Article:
WEST Somerset Railway is ‘determined’ to ensure trains can run to Minehead next month, despite Storm Eunice damaging three new barriers at the Seaward Way level crossing.
Passenger trains are due to start running on the line to Minehead for the first time in two years on March 19, when West Somerset Railway’s (WSR) 2022 timetable begins.
Railway staff and volunteers were called to the crossing during Storm Eunice to assess damage to three of the four barriers.
Discussions are currently underway between WSR, the contractors who installed the new equipment last year, and Somerset County Council about repairing the barriers.
The council allocated around £1.2million in funding for the level crossing’s reconstruction last year, allowing training and maintenance trains to travel to Minehead station for the first time since 2019.
The crossing was rebuilt after reaching the end of its useful life and no longer met requirements for the number of vehicles using it.
Frank Courtney, the line’s communications manager, said the barriers installed at Seaward Way are standard across the national rail network and should not have failed as they have.
During the storm a large tree fell onto the tracks at Crowcombe Heathfield station dislodging a large platform name sign, but the debris was quickly cleared.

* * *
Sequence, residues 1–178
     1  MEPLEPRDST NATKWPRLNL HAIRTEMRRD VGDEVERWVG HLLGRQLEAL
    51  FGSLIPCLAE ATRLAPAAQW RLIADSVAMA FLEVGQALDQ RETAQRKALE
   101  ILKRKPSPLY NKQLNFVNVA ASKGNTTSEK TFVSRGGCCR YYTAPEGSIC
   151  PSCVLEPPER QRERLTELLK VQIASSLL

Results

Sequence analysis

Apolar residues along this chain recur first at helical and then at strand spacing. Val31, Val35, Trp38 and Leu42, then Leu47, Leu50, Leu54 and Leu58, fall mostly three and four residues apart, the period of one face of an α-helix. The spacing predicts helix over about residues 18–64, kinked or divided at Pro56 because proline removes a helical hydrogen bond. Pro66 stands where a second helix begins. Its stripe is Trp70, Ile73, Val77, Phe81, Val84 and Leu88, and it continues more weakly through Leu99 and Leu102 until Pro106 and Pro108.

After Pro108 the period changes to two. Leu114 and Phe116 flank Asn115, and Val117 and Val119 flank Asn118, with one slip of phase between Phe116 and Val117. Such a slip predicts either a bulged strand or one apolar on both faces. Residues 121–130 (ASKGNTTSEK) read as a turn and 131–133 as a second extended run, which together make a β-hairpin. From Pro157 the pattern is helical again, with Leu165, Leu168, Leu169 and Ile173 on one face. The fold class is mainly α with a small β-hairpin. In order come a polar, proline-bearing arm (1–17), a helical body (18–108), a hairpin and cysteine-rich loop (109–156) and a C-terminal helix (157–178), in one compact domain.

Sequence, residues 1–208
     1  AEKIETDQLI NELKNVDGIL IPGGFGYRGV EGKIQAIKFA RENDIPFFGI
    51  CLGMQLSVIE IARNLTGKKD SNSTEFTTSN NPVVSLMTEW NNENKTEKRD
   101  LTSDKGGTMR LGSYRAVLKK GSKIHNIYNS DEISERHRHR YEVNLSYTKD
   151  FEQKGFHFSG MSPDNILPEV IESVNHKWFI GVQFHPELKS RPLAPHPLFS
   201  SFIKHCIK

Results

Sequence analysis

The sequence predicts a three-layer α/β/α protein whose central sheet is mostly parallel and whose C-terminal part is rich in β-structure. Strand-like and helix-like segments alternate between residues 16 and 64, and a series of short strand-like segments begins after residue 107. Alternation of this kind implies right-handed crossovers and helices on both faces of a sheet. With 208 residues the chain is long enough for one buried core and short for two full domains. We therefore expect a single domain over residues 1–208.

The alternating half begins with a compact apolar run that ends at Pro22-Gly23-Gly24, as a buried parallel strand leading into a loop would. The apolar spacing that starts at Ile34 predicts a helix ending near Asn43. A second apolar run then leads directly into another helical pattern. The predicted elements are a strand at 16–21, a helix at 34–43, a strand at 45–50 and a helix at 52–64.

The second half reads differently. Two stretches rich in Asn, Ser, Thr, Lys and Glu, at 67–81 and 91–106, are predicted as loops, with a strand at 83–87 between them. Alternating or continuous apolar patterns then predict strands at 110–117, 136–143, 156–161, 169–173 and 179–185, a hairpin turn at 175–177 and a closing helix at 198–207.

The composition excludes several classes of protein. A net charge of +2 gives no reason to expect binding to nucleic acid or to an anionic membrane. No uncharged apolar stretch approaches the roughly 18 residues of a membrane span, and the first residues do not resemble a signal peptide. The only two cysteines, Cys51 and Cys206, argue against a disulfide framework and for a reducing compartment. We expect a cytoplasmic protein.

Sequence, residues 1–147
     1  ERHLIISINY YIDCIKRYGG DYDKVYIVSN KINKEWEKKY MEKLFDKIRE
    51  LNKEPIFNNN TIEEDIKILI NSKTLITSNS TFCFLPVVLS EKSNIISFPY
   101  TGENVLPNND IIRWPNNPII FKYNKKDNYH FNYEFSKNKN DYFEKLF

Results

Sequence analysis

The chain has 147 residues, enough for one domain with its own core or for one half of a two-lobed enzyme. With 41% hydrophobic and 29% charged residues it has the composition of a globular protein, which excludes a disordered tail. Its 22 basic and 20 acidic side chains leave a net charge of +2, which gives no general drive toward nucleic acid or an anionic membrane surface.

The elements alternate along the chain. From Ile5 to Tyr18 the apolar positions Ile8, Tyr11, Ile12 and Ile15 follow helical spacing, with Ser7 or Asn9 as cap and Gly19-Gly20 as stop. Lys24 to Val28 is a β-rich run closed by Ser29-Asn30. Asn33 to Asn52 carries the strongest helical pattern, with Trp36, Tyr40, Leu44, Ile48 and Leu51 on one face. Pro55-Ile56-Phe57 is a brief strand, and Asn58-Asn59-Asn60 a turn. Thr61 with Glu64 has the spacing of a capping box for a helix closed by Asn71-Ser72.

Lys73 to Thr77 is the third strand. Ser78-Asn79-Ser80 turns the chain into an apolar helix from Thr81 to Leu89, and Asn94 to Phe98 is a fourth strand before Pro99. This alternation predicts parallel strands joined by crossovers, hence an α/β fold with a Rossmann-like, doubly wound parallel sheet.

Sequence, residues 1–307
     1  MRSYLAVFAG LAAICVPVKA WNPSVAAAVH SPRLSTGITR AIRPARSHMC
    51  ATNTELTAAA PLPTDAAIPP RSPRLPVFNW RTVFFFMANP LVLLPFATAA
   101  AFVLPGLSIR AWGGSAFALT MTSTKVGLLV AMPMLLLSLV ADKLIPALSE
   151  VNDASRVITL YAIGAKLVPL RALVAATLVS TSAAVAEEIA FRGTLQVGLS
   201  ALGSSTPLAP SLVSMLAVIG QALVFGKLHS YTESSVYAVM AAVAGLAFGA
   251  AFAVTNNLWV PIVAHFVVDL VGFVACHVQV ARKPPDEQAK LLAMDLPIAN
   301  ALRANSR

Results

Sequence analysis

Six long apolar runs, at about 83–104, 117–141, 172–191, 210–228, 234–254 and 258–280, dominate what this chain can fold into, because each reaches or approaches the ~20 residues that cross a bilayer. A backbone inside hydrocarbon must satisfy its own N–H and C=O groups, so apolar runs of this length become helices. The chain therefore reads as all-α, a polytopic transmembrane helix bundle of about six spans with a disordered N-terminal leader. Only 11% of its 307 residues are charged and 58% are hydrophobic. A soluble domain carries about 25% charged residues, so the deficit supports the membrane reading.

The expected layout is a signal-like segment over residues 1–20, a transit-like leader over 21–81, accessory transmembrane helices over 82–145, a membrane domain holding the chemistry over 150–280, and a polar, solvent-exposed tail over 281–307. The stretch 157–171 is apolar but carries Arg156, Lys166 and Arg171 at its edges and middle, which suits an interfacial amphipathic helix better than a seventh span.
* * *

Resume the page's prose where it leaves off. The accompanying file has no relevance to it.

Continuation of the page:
Other damage to the rail line from Storm Eunice was limited.
SWR company chairman Jonathan Jones-Pratt said: “I would like to thank everyone who has worked to keep the railway safe and minimize damage during this extremely difficult time.
“We are all determined to ensure that the railway opens until Minehead on March 19, and I am sure that with the dedicated team that we have this will be achieved.
At this time, WSR has no indication of the cost of repairing the barriers or the breakdown of the bill.
Across Somerset, the County Council’s Highways team has witnessed 258 incidents related to falling trees since Storm Eunice swept through the county on Friday morning.
This year West Somerset Railway is set to bring a Pannier Tank locomotive No. 9466 designed by GWR to the line to haul passenger trains.
The decision to introduce the new locomotive follows detailed investigations into the load capacities of the track and the bridges.
The surveys will help the WSR board consider other guest and long-term resident locomotives using the same weight safety checks, meaning rail enthusiasts could soon see more locomotives on the railroad than in recent years.
the county gazette has contacted Somerset County Council for comment.
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